The Borno State Government has provided scholarships for children, most of them orphans, whose fathers were volunteers amongst the Civilian Joint Task Force (CJTF), hunters, and vigilantes that were killed while fighting Boko Haram in the north-east.
Governor Babagana Zulum announced this on Wednesday in Maiduguri, while addressing a gathering of about 9,000 volunteers who have been fighting alongside the Nigerian armed forces to contain the Boko Haram insurgency in Borno.
Each of the 9,000 volunteers is to receive 20,000-naira cash, a 50-kg bag of rice, a carton of spaghetti and a gallon of cooking oil, all of which were outside their regular monthly allowances.
The governor said the emergence of the Civilian JTF in 2013 is the greatest miracle that has emanated from the state within the last ten years.
“Of all the components of persons who make up the Borno society today, for me, there is no group that is as important and as critical to us as the brave men and women gathered before us today, who have given up their basic and entitled needs for safety and comfort so that millions of fellow citizens can be safe and comfortable,” he said.
“Our indomitable men and women of the civilian JTF, hunters and vigilantes, the people of Borno State are mightily and gratefully proud of each of you.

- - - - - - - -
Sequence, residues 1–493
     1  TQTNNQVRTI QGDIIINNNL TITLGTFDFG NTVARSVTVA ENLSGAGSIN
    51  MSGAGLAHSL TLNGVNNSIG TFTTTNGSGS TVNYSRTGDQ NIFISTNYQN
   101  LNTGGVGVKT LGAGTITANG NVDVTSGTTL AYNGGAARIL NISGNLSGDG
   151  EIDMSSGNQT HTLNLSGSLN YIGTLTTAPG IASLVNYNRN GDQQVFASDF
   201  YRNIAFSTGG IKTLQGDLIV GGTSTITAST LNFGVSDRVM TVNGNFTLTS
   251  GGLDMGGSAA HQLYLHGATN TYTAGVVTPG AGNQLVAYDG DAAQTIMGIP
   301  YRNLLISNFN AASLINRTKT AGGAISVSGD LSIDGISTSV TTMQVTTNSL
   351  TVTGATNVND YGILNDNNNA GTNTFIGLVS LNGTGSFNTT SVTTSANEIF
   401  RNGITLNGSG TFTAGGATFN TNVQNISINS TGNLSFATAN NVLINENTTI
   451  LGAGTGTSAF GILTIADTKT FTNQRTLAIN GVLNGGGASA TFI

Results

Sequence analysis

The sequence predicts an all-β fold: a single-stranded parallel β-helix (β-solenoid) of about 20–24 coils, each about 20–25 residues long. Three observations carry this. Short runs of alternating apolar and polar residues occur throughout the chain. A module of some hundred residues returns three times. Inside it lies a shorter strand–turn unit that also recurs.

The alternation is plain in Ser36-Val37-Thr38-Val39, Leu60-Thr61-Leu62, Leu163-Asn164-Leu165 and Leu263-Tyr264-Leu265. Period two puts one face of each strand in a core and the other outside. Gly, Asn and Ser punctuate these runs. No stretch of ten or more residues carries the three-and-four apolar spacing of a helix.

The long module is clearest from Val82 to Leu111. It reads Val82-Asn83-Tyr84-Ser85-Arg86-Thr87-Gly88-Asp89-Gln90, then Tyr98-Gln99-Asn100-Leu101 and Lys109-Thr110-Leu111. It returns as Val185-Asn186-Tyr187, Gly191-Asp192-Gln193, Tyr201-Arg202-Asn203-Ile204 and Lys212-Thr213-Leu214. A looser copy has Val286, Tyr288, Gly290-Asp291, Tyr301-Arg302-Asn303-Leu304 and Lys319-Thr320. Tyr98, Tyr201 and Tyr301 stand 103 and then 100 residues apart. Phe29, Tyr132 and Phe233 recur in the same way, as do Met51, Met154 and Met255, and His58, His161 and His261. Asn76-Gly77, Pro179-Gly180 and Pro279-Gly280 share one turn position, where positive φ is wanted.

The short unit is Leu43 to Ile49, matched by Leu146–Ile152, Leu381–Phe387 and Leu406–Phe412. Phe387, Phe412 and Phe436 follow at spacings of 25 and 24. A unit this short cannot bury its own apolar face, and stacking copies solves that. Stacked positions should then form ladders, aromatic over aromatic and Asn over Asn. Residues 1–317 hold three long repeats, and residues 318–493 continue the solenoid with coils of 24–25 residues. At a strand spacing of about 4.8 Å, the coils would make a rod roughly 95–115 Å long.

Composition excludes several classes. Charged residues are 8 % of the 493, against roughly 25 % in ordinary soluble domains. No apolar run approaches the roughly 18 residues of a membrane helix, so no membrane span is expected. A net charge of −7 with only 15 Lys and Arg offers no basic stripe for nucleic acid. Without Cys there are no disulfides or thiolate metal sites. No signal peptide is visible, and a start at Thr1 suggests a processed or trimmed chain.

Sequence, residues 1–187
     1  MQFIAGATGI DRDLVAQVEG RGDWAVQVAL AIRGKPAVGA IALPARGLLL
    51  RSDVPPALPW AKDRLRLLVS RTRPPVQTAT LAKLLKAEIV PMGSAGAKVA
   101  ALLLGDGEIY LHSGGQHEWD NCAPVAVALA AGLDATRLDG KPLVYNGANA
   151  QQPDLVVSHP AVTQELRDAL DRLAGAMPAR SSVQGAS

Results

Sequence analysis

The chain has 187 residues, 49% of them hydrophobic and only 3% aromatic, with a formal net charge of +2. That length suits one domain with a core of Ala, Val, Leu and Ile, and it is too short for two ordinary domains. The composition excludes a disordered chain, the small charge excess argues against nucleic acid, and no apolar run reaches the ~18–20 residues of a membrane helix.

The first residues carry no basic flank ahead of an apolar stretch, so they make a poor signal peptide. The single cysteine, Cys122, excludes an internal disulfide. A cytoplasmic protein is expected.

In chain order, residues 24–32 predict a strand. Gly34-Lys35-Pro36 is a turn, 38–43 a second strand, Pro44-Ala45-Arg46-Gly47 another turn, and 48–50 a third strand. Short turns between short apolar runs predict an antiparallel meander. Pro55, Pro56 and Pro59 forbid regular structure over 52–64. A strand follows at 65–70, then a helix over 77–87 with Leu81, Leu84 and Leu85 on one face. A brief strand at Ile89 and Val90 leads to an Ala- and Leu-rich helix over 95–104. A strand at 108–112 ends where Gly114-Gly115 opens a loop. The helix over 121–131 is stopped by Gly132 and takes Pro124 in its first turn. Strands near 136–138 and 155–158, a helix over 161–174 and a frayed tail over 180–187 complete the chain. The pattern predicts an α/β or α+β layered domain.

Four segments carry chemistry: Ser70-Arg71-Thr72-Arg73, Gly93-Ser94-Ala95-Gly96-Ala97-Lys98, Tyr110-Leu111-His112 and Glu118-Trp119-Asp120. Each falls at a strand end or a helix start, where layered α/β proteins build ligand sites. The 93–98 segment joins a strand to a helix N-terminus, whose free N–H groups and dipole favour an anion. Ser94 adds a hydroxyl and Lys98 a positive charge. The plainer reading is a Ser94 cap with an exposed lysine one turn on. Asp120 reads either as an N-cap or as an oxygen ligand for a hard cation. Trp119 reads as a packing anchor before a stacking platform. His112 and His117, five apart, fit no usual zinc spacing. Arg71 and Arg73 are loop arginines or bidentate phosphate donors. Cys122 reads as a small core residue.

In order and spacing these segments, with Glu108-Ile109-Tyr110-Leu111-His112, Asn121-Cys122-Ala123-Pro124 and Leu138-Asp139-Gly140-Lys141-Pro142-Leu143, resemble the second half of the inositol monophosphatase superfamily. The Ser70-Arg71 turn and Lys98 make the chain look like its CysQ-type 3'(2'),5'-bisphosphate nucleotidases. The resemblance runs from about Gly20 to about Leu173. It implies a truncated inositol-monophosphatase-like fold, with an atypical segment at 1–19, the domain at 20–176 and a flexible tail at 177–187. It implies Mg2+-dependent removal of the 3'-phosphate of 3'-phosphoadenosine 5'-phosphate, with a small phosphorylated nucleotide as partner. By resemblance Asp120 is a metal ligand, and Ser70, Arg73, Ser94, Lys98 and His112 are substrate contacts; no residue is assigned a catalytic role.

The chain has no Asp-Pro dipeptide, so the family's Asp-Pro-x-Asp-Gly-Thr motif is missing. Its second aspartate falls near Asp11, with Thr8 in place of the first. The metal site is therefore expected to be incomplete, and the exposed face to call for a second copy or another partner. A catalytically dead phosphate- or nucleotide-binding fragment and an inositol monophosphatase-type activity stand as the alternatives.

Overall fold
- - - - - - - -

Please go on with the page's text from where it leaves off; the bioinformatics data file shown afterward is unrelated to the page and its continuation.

“Nothing can compensate for the sacrifices you are making, only Allah can adequately compensate each of you. This is particularly so for many of our fellow compatriots who have died on the battlefields.
“In the last seven years, we have recorded instances in which volunteers in the civilian JTF have intercepted suicide attackers and in the process lost their lives. We have recorded more instances of many killed in major battles after they also succeeded in our shared victories over Boko Haram at different encounters.
“I will not mention names, but there are records of warriors in the Civilian JTF, hunters and vigilantes from Southern, to Northern and Central Borno, who fought so hard and gave their lives fighting for Borno.
“These volunteers fought and died with no death benefits, no pension, and no gratuities. As we should expect, orphaned children and widows left behind by these fallen Civilian JTF and hunters have been struggling whether to feed, to access medical services, or to access basic and secondary education.”